From email from the Colorado Water Conservation Board (Ben Wade):
A joint meeting of the Water Availability Task Force (WATF) and the Flood Task Force (FTF) will be held on April 22 from 9:30a-12p at the Colorado Division of Wildlife Headquarters, Bighorn Room. The agenda is available on the CWCB website on the WATF and the FTF pages. Following the joint meeting, the Drought Sub-Committe will meet in the same room from 12:30-2p. Members of the sub-committee are encouraged to bring a brown bag lunch to eat in between meetings. Please contact Ben Wade at 303-866-3441 ext. 3238 or at firstname.lastname@example.org if you have any questions.
From the La Junta Tribune (Alicia Gossman-Steeves):
An important meeting for potential recipients of water from the The Arkansas Valley Conduit Project is scheduled at 10 a.m. April 21 at La Junta Municipal Building.
Bill Long, chairman of the Arkansas Valley Conduit Committee, said the water companies that expect to receive water from the pipeline, will begin working on memorandums of understanding that prescribe how much water each entity will expect to receive and how much per capita they will be charged to pay back the cost of constructing the project, estimated at close to $300 million. Federal legislation offered by U.S. Rep. John Salazar recently was approved to bring the federal government’s share of the project costs up to 65 percent. The conduit project also is the recipient of a STAG grant to help with initial costs of getting the project under way.
Here’s a look at the shiny new water conservation plan being developed jointly by the City of Steamboat Springs and Mount Werner Water and Sanitation, from Brandon Gee writing for the Steamboat Pilot & Today. From the article:
The plan sets a goal of reducing peak day demand 10 percent by the year 2015 and anticipates that 60 percent of those water savings will come from irrigation efficiency measures. “That’s probably the easiest and largest component of overuse,” Mount Werner Water and Sanitation District General Manager Jay Gal lagher said. “That’s what we would call the low-hanging fruit. … Most people over-water their lawns.”
The plan recommends guidelines such as no outdoor watering between 10 a.m. and 6 p.m., discouraging water-intensive landscapes and encouraging the use of native grasses and shrubs. In dry years or drought situations, the plan recommends more restrictive measures…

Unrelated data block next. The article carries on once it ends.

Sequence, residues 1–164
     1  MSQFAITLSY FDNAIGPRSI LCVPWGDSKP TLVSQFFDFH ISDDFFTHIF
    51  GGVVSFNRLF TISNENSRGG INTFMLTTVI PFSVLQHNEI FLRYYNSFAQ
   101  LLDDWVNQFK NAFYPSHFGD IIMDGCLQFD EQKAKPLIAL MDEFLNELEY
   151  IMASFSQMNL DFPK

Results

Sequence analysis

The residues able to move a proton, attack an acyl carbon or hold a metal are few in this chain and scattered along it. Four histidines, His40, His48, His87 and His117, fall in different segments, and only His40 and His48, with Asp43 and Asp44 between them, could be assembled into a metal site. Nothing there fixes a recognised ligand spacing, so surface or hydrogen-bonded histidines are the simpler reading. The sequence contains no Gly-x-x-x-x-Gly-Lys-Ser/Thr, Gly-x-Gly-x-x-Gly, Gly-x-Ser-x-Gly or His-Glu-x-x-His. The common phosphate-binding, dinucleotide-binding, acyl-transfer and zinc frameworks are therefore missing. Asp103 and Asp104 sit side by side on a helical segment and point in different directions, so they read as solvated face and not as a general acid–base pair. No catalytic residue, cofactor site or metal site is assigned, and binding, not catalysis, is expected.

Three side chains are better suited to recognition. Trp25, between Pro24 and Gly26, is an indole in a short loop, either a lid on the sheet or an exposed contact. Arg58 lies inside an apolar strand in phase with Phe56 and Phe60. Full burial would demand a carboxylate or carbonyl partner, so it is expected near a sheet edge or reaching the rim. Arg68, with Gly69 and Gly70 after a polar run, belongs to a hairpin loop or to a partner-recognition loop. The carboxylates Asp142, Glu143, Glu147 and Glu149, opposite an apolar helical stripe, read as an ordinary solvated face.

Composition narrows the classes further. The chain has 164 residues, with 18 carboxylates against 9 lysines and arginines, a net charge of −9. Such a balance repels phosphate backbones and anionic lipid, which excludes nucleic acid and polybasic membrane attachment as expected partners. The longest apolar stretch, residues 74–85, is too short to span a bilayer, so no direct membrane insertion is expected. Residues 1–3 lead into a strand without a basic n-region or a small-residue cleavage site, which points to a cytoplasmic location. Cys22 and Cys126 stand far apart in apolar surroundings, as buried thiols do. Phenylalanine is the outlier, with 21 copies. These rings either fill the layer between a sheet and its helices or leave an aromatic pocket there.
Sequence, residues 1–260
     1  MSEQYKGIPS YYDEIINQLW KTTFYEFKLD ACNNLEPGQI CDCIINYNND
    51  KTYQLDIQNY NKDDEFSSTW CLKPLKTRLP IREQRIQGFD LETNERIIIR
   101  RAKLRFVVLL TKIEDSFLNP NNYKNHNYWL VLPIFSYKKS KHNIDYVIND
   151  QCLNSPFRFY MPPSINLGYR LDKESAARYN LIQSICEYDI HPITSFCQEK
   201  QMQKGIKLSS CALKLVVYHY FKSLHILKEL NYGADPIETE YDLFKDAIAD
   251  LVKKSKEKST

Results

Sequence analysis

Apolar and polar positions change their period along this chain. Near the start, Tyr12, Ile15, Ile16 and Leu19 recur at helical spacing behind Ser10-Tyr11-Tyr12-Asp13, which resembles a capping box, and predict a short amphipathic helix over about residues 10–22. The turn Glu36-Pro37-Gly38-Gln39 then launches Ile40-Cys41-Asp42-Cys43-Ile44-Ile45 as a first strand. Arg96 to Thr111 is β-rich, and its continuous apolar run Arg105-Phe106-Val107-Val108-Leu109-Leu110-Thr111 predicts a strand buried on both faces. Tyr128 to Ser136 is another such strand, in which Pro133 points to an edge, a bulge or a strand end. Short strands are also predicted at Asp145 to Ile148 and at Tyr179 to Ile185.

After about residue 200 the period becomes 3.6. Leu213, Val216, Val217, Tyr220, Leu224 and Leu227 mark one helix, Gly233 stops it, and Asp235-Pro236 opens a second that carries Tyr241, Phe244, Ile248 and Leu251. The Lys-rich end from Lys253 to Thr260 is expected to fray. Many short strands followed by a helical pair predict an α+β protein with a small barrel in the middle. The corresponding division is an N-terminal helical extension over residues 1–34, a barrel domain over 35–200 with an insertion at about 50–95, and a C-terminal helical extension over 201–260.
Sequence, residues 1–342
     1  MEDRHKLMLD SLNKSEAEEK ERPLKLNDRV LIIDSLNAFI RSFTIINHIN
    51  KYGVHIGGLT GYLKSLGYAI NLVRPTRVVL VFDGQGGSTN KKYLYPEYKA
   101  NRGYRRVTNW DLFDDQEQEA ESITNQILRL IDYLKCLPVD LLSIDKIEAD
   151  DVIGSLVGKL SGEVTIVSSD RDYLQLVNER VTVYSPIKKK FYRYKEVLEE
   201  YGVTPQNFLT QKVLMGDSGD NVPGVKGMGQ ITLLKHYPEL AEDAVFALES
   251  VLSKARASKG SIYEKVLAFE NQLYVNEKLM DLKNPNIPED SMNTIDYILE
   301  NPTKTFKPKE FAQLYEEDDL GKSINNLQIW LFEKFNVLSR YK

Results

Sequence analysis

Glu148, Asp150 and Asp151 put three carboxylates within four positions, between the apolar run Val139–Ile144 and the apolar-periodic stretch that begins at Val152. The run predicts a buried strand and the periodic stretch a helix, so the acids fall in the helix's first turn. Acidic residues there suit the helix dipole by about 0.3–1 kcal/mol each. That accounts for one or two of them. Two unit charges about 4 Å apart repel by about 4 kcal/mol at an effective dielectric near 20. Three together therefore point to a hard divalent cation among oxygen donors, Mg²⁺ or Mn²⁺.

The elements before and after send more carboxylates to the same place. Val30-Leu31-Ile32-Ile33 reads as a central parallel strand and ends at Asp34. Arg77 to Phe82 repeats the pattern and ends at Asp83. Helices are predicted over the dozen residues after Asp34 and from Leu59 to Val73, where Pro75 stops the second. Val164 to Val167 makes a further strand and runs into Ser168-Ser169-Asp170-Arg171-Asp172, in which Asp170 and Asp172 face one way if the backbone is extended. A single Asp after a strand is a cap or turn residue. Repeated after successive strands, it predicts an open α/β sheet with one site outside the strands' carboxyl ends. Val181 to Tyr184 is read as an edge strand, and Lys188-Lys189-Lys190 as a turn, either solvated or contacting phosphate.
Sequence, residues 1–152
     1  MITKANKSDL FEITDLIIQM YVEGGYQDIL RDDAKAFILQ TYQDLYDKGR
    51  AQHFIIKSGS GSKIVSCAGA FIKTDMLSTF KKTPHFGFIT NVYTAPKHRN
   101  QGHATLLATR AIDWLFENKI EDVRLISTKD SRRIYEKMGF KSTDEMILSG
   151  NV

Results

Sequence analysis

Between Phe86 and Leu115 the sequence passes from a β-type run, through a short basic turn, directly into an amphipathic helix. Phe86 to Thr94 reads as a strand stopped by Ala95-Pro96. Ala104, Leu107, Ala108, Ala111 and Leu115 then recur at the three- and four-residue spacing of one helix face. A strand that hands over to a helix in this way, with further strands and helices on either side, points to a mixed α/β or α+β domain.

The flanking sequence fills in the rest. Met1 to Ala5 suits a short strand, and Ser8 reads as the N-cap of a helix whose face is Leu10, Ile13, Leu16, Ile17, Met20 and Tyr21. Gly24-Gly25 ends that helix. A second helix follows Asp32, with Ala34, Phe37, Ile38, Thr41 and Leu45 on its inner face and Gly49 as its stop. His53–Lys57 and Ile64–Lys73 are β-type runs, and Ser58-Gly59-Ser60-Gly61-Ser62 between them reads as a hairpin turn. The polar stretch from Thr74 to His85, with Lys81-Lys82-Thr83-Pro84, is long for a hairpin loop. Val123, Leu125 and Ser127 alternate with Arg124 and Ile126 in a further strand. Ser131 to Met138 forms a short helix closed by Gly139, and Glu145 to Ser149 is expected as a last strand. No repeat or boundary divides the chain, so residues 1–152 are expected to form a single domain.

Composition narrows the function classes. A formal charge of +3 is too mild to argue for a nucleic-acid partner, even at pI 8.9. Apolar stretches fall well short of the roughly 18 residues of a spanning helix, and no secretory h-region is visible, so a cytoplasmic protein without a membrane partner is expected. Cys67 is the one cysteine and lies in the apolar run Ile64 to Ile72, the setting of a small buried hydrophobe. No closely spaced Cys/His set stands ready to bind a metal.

The city and water district estimate that the conservation plan could defer the cost of building new filtration bays as much as $4 million. Every gallon saved, according to the plan, postpones $1 or more toward a new filtration bay…
The plan also sets goals to reduced peak-day demand 15 percent by 2020 and 20 percent by 2030. Other strategies to reduce water use include encouraging conservation practices indoors and requiring the use or installation of water-saving appliances and fixtures.
From the Fort Morgan Times (Dan Barker): “Two town meetings are scheduled in Wiggins on April 22 and April 29 to help residents review the town’s options for replacing its water supply. Both meetings will be at 7 p.m. at Wiggins Town Hall. The idea is to make sure residents understand exactly what each option entails so they can compare them correctly, Town Clerk Craig Trautwein said after Wednesday’s Wiggins Town Council meeting.”
At an earlier meeting, the council gave out some cost estimates for the various options, which included costs of water acquisition and some infrastructure for 240 acre-feet of water, which would meet the entire demand for residential and commercial use.
Town Administrator Bill Rogers explained that the cost from Quality Water would be $8.28 million, from Fort Morgan it would cost $4.8 million and for Wiggins to buy its own water it would be $5.16 million.
However, because of debt service and possible grants to pay for infrastructure, the average minimum price to residential customers would be $184.75 per month if Wiggins went with Quality Water; $174 a month if it went with Fort Morgan water; and $107 monthly if the town bought and treated its own water, he said.